Professional Learning

Our professional learning programs will help build your organization’s capacity to meet the Truth & Reconciliation Commission of Canada’s Calls to Action and assist in actualizing our shared commitments to the United Nations Declaration on the Rights of Indigenous Peoples.  

Our expert Learning & Engagement staff will help your team meet your professional development goals through our dynamic and engaging programing.  Choose from our slate of programs to learn about the history of Indigenous peoples, better understand the Treaty relationship, gain a broader appreciation for Indigenous cultures and beliefs, and to reconsider how history is commemorated in our community. 

Contact us at or 204-988-0626 for more information. 

Treaties are multi-voiced, comprehensive, complex, and in constant flux. Welcome to Treaty 1 is a 90-minute gallery-based program that examines the ideas, histories, laws, languages, and stories that helped shape Treaty 1 – an agreement between Indigenous nations and the Crown. This exploration is facilitated using exhibitions, storytelling, and participatory activities that asks participants to acknowledge shared responsibilities anchored in both historic and contemporary contexts, and personal and communal obligations.

Welcome to Treaty 1 was co-designed with a collective of Indigenous individuals who have spent their lives thinking about the impact of worldview, language, law, art, history, and philosophy on the way we view and understand Treaties in Manitoba today. The Welcome to Treaty 1 team included professors, lawyers, linguists, Elders, artists, Knowledge Keepers, anthropologists, and archeologists who generously shared their knowledge to help create this program with the support of our Learning & Engagement team.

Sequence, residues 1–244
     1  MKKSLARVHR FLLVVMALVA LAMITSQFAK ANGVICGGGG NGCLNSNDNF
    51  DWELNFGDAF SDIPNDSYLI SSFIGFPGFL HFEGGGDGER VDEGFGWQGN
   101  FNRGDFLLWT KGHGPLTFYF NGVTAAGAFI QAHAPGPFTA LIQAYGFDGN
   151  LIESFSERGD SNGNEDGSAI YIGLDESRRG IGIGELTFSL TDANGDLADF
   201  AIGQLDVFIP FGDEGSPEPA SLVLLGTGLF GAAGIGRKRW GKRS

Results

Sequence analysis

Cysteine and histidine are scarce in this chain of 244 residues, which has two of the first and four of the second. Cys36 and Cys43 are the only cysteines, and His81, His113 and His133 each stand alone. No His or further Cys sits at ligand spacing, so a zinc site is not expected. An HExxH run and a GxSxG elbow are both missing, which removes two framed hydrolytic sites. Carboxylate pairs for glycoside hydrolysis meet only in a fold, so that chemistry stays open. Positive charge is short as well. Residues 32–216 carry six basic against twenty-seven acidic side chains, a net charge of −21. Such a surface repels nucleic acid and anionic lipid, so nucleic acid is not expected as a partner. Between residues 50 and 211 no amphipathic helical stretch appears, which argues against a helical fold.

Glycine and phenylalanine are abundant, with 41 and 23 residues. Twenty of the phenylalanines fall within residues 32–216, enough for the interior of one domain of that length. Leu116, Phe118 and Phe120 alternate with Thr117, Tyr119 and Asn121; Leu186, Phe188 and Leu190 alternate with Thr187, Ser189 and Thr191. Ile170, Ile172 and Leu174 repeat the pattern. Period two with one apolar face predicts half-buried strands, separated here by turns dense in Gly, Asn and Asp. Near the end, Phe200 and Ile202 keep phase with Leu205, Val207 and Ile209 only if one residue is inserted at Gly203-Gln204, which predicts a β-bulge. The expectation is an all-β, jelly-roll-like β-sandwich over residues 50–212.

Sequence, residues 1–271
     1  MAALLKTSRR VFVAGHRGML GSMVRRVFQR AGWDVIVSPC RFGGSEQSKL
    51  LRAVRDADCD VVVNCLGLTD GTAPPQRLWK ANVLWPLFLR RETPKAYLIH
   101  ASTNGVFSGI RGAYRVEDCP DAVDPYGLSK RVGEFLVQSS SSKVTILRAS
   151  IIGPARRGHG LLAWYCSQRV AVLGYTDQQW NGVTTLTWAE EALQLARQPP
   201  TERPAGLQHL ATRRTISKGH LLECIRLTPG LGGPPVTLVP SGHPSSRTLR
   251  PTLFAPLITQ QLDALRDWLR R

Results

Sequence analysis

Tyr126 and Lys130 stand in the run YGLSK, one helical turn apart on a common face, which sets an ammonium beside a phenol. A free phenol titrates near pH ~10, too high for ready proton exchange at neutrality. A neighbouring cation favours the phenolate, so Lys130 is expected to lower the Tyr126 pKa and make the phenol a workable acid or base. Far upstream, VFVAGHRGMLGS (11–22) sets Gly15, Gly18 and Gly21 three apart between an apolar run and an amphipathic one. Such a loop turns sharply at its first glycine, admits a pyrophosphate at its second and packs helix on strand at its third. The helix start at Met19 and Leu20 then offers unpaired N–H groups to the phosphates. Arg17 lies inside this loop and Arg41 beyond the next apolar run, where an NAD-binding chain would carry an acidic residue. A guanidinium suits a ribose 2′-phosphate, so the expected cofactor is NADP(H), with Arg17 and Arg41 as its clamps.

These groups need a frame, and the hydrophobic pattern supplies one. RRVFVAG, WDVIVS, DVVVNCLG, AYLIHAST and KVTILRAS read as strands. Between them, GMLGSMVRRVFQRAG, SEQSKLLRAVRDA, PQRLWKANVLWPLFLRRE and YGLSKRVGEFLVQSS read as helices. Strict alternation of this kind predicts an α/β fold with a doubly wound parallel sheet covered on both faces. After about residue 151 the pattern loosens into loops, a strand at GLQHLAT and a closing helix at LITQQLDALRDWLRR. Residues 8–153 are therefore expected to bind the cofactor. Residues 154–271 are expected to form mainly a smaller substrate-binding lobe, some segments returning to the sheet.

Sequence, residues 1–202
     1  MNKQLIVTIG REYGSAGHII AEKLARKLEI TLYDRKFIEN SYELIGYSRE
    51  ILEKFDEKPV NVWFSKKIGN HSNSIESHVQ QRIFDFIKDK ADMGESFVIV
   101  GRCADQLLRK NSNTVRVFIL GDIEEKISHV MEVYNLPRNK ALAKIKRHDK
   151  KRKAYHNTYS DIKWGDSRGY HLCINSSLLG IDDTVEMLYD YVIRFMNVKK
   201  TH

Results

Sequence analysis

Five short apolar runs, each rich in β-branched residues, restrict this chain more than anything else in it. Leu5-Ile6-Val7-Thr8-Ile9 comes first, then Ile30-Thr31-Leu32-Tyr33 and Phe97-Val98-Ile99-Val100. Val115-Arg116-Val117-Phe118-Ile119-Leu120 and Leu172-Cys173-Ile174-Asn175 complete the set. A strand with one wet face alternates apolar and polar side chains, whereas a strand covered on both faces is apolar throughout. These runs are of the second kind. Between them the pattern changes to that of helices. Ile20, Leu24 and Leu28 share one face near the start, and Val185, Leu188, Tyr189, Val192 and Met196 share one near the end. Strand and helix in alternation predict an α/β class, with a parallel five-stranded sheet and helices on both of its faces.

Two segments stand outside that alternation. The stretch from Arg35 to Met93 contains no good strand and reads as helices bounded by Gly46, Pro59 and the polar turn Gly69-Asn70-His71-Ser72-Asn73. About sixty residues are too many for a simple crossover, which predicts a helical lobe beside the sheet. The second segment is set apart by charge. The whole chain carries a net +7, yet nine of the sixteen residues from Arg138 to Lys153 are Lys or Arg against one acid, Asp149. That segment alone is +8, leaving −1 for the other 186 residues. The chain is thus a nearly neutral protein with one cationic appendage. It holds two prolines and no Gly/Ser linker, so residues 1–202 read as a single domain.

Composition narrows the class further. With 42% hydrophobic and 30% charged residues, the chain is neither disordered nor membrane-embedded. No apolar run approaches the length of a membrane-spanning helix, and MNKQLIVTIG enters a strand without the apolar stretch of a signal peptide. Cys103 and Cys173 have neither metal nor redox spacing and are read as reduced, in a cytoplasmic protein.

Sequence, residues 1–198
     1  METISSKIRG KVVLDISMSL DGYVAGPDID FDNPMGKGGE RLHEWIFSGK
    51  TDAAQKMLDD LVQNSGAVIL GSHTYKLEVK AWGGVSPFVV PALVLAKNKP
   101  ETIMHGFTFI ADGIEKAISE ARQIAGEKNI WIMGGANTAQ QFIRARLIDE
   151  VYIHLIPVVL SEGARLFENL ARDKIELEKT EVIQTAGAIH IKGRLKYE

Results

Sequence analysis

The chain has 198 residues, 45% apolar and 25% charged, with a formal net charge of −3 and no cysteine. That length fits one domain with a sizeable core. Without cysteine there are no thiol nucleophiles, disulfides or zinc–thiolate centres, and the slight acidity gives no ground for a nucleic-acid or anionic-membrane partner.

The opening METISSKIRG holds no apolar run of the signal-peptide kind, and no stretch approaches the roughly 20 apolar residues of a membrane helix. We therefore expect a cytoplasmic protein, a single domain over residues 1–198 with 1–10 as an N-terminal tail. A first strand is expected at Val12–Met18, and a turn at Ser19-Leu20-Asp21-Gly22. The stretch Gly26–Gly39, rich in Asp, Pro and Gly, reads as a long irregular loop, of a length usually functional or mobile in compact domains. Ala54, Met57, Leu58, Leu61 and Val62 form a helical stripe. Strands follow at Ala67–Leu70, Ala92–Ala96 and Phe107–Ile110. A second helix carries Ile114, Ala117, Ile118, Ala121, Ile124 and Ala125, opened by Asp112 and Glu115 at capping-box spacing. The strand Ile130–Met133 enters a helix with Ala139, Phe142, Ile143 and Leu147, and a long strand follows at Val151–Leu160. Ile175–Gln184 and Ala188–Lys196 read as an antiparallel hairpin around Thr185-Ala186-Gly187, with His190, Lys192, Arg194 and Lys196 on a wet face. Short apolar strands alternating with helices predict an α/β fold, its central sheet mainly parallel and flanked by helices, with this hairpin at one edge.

Capacity: 15

Image of Treaty 1 Medallion made of 99 per cent pure silver medal showing two individuals shaking hands.

This exploration of parenting throughout time on Turtle Island includes an in-depth 90-minute tour of Indigenous artifacts in the Museum Galleries, such as cradleboards, baby moccasins, and children’s clothing. The tour looks deeply at parenting and birthing practises, coming-of-age ceremonies, and how traditional Indigenous parenting is being revitalized in the aftermath of colonialism and residential schools.

This program was developed by the Museum’s Head of Indigenous Programming & Engagement, Tashina Houle-Schlup, with the collaboration and guidance of her family and community and the support of the Learning & Engagement team.

Tour Capacity: 20

A masked female guide speaks to a group of adults.

Discover the diverse stories and perspectives of First Nations, Metis, and Inuit Peoples in Manitoba and their relationships with newcomers and colonial governments during this 90-minute guided tour. Through relevant artifacts, exhibits, and contemporary artworks, this program will provide an appreciation for Indigenous culture and beliefs and lay the foundation for understanding the history and intent of the Truth & Reconciliation Commission of Canada’s 94 Calls to Action.

This program was developed by the Museum’s Head of Indigenous Programming & Engagement, Tashina Houle-Schlup, with the collaboration and guidance of the Museum’s Curatorial and Learning & Engagement team and the Museum’s Indigenous Protocols Advisor, Carol Beaulieu.

Tour Capacity: 30

Photo of the Prairie Gallery at the museum with cases including regalia and a teepee in the background.

Discover public monuments in the Exchange District and the stories they tell, with a focus on the Indigenous perspectives that are absent. Participants will actively engage in dialogue to reposition the story of Winnipeg – a city built on the shared lands of Treaty No. 1 territory and the homeland of the Red River Métis. Participants will be encouraged to reconsider how we commemorate our history.

This program was developed in partnership with the City of Winnipeg, Indigenous Relations Division. The partnership is part of the Welcoming Winnipeg: Reconciling our History initiative that aims to respond to the national dialogue in major Canadian cities to re-examine historical markers and place names to resolve the absence of Indigenous perspectives, experiences, and contributions in the stories remembered and commemorated in Canadian cities.

The tour starts and ends in the Manitoba Museum foyer and follows an accessible route of about 1.2 km.

Tour Capacity: 12

Bronze statue of Selkirk settlers.